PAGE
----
Based on this information, the college then should plan its marketing efforts around peak times when potential students might be researching the school. For instance, it appears that students are researching right at the end of their school year or near the beginning of a semester, attempting to finalize a last minute school decision.

Trends may also occur on a less macro level, such as by day of the week or month. In this next example, we see the registration cycle for a SaaS product over a two-month period.

We’re viewing conversions (Conversions > Goals >Overview) with a specific Goal selected. Also, note that here we’re portraying the graph on a daily level to show more granular trends.

 

Two Months Stats from Google Analytics

 

Of course, stats may vary over time, but we can make some general observations from the data:

  • Most conversions occur on weekdays, when people are in the office and more likely to be researching a B2B product.
  • Conversions peak around the beginning and end of each month, dropping off around the middle of the month.

From this data, we can determine that we should focus more heavily on marketing efforts such as paid search and social media posting around the beginning and end of each month.

Learning Your Customers’ Research Process

Besides learning when your customers are most likely to be looking for your company, you can also use analytics data to learn about how they are searching for your services. Ultimately, what they type into a Google search can be used to help you understand their process of researching a company with which to do business.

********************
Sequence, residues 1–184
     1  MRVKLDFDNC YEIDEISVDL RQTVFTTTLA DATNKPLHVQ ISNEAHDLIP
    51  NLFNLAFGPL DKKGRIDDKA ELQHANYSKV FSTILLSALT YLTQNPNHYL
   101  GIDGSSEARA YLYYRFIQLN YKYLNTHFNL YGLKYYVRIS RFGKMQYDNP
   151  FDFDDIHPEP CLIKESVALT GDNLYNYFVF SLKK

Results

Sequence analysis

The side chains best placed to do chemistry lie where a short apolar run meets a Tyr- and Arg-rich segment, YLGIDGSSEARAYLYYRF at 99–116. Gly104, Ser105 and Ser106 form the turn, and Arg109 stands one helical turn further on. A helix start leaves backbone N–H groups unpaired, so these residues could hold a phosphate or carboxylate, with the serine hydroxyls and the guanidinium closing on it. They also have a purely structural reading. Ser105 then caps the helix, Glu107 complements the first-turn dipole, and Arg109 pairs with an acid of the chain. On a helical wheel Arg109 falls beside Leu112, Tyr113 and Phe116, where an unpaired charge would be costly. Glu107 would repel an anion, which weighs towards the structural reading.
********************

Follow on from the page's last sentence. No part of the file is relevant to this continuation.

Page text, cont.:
If you have connected Search Console to Google Analytics, you can view organic search queries directly in Google Analytics. Go to Acquisition > Search Engine Optimization > Queries. Note that you’ll only be able to see data for a 90-day period.

Once here, you’ll want to exclude your brand name, since most of the top queries will likely include your company’s name. To set up a filter, click “advanced” right below the graph. Within the options that appear, choose “Exclude,” select “Query” from the dimension dropdown, and set the next dropdown to “Containing.” Next, enter your brand name in the text box.

 

Exclude Branded Search in Google Analytics

 

Note that if people commonly misspell the name, you may need to add additional filters. Click “Apply,” and now you should only see non-branded queries.

Click the header on the “Impressions” column to sort by the most popular searches. Here, we can see queries for an HVAC company.

 

Google Analytics Organic Search Queries

 

Looking at this data, we can take away observations about how people are searching for a heating and cooling company: